neck all year and I don’t see it being any different this weekend.” The Rockets are led up front by rookie phenom Tyson Jost, who has a strong supporting cast including fellow rookie Jake Kryski, Liam Finlay and Tanner Campbell.

Rockets’ rookie Tyson Jost has been named the BCMML’s player of the month for February. The 16-year-old Calgary native and Everett Silvertips draft pick scored 15 goals and had 26 points in eight games during the month. The solid four weeks of play helped pushed Jost to the BCMML scoring title. Jost set club records with 44 goals and 88 points.

▼ BCHL

Vees host Vipers tonight in Game 5 As combatants on both sides expected, the BCHL’s Interior Division final is looking like it might be a fight to the finish. The Vernon Vipers and Penticton Vees are all square at 2-2 in the best-of-seven series, with Game 5 set for Thursday night at the South Okanagan Events Centre. Game 6 will go Friday night at Kal Tire Place in Vernon. The two teams have been trading blows since the opening face-off, with Vernon winning the opener, the Vees rebounding to take Games 2 and 3, then the Vipers getting even again with a win on Game 4. On Tuesday at Kal Tire Place, Kelowna

product Brendan Persley scored twice, including an empty netter, and added an assist as Vernon prevailed 5-2. Colton Sparrow, Mike McNicholas and Riley Guenther also score for the Vipers, while Riley Alferd and Nicolas Pierog replied for Penticton. Game 7, if necessary, would be played Saturday in Penticton. The other secondround playoff series feature Powell River against Victoria, and Coquitlam taking on Langley. The three series winners will advance to a round-robin format March 28, with the top two teams from there earning berths into the championship final.

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Devon Canada’s Science Giants grant program helps teachers create innovative lesson plans and course curriculums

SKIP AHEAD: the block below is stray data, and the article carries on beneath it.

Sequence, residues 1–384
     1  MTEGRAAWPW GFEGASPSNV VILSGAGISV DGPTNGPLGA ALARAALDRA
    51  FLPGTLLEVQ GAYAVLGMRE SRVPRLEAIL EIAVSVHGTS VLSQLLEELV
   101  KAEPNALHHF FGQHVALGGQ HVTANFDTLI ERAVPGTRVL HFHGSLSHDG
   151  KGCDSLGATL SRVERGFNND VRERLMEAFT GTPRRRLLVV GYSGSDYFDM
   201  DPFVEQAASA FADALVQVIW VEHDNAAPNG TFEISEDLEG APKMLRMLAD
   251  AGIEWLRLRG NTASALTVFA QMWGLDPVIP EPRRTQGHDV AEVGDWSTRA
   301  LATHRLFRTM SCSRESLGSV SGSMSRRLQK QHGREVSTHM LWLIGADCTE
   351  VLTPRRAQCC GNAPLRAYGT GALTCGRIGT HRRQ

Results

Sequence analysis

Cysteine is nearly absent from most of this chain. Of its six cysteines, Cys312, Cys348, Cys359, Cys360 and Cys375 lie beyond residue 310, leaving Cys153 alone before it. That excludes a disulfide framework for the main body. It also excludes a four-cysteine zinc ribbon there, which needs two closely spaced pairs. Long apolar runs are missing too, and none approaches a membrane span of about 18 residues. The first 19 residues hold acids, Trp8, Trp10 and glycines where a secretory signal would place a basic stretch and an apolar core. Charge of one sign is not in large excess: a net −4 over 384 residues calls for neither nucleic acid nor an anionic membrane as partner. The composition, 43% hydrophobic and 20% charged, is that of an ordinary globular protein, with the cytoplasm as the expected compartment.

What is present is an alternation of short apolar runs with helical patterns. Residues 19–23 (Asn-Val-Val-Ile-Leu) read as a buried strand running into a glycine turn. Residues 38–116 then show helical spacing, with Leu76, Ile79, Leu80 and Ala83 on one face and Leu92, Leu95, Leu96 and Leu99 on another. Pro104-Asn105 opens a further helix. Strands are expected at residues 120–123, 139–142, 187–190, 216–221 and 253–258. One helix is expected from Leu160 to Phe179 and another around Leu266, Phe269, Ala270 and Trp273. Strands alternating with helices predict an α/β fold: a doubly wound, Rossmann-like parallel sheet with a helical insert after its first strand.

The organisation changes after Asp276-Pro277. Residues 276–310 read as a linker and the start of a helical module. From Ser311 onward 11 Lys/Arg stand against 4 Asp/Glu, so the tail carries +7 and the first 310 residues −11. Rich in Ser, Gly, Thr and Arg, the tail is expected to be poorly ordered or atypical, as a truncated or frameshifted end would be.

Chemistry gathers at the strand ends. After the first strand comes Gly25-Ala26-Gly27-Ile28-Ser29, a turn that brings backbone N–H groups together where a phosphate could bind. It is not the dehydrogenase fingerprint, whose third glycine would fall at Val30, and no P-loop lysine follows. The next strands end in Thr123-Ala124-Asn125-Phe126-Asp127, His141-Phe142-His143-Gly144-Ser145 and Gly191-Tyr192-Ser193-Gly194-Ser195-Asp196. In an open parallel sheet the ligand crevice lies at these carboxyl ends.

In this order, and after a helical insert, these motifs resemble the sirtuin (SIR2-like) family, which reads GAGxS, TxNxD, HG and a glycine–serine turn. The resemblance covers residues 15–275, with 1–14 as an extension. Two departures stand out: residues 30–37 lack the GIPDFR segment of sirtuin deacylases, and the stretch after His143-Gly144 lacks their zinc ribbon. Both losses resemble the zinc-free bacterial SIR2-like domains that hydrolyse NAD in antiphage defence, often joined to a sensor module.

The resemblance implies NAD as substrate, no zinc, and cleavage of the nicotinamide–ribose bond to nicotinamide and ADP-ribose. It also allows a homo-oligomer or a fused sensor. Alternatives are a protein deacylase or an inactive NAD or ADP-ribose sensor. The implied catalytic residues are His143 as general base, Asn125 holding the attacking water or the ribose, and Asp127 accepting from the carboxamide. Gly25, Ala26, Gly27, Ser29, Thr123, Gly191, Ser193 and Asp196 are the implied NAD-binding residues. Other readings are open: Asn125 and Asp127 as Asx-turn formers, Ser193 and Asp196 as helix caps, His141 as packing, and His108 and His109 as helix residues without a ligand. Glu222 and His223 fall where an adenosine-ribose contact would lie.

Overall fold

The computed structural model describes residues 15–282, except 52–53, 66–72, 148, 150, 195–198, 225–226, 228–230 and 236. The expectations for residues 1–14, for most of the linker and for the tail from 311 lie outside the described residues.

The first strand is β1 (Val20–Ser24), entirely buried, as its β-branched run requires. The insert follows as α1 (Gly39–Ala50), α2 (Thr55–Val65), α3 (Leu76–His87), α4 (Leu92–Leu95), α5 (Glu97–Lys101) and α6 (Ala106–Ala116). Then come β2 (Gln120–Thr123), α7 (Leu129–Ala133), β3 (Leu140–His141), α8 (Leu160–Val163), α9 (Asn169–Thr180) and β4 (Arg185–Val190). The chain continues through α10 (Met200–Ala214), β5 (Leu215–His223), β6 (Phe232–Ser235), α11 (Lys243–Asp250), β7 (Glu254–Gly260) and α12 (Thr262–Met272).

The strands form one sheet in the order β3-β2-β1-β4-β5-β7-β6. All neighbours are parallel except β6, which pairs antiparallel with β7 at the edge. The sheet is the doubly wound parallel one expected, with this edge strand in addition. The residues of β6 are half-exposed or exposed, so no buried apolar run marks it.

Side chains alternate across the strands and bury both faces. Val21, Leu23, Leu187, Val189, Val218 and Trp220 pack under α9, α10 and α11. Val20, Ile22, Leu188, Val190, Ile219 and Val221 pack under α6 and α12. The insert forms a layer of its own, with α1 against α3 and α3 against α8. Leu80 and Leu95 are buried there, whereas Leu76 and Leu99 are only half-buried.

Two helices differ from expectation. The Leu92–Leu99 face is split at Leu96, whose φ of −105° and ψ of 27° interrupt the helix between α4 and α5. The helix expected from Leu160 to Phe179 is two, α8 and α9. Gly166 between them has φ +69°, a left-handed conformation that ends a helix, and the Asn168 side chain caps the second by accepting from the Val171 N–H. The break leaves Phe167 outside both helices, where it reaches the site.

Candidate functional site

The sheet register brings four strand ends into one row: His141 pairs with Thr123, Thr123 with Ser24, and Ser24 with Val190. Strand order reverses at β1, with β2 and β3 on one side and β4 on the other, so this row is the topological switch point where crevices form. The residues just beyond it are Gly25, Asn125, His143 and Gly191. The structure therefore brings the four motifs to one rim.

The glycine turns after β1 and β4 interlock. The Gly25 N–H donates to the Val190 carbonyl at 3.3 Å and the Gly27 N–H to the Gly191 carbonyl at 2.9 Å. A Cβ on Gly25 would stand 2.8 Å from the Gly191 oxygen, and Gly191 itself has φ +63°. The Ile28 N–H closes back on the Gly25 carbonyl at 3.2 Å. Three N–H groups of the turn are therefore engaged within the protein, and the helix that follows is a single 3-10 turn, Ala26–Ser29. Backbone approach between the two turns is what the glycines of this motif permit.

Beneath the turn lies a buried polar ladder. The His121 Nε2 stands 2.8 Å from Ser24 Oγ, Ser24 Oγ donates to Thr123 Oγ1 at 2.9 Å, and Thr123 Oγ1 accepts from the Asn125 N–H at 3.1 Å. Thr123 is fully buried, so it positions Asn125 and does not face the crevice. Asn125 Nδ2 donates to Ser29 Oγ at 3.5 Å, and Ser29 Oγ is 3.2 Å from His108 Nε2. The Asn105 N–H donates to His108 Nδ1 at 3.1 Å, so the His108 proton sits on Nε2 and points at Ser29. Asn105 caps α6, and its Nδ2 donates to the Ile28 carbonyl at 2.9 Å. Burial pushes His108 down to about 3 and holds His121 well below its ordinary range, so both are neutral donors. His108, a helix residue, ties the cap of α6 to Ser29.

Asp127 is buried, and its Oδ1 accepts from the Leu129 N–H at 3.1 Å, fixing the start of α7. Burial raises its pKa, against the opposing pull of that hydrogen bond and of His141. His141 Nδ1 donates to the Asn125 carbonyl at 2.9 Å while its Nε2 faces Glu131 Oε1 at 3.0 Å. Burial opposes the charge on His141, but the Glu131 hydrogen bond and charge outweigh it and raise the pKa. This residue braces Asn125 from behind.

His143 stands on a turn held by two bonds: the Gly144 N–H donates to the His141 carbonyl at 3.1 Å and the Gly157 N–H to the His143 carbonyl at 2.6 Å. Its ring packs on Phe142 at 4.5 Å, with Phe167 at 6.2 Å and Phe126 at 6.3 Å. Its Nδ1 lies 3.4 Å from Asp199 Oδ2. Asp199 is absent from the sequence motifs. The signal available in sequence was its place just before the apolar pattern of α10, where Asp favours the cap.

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by providing up to $5,000 for science equipment. Since 2011, Devon has invested more than $150,000 through the Science Giants grant program to help Science teachers do what they do best: inspire the hearts and minds of kids.

Apply now for science classroom funding. Erin Shulko, Lac La Biche Science teacher and Science Giants grant recipient.

Apply now at www.sciencegiants.ca. Application deadline: May 30, 2014

Commitment Runs Deep


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Thursday, March 20, 2014 Capital NewsC

SPORTS ▼ TRIATHLON

Wurtele triumphs in Mexico over tough international field Heather Wurtele has added another gold medal to her rapidly growing collection of international triathlon titles. The Kelowna athlete captured the Ironman 70.3 Monterrey race on Sunday in Mexico, ousting Denmark’s Helle Frederiksen by nearly seven minutes. Wurtele completed the 1.2-mile swim, 56-mile bike, 13.1-mile run in four hours seven minutes and 47 seconds. Wurtele came out of the swim with a deficit to make up, which she did with a strong bike leg (2:18:32), then took over the lead for good on the running portion (1:19:26). A five-time champion at the full Ironman distance, Wurtele also has four wins in the 70.3 category. Heather and husband Trevor, who now live in Kelowna, were named Triathlete Canada Magazine’s ‘Fittest Couple in Canada in 2013, as well as the ‘Long Distance Female/Male Triathletes of the Year’. Trevor Wurtele won Ironman Canada for the first time last year.

CONTRIBUTED

KELOWNA’S Heather Wurtele (middle) celebrates her win last weekend at Ironman 70.3 Monterrey in Mexico.

▼ SWIMMING

Dimitrov wins 200 m butterfly; Jacobs 3rd in 50 and 100 m fly Liquid Lightning athletes kicked off the long course season with swimmers competing March 8 and 9 at the Spring Madness meet in Kamloops as well as the BC Open in Victoria. Eleven swimmers headed to Victoria for the BC open and swam 23 personal best times and set 13 individual club records. David Dimitrov, 22, won the 200 metre butterfly.  He also swam a personal best in the 200m breaststroke with a 2:24.70 to break his own club record. Rohan Jacobs, 27, came third in the 50 fly and the 100 fly.   Craig Mathieson, 15, swam a personal best 31.72 in the 50 breast to place third and set a club record.  Mathieson also set a club record in the 50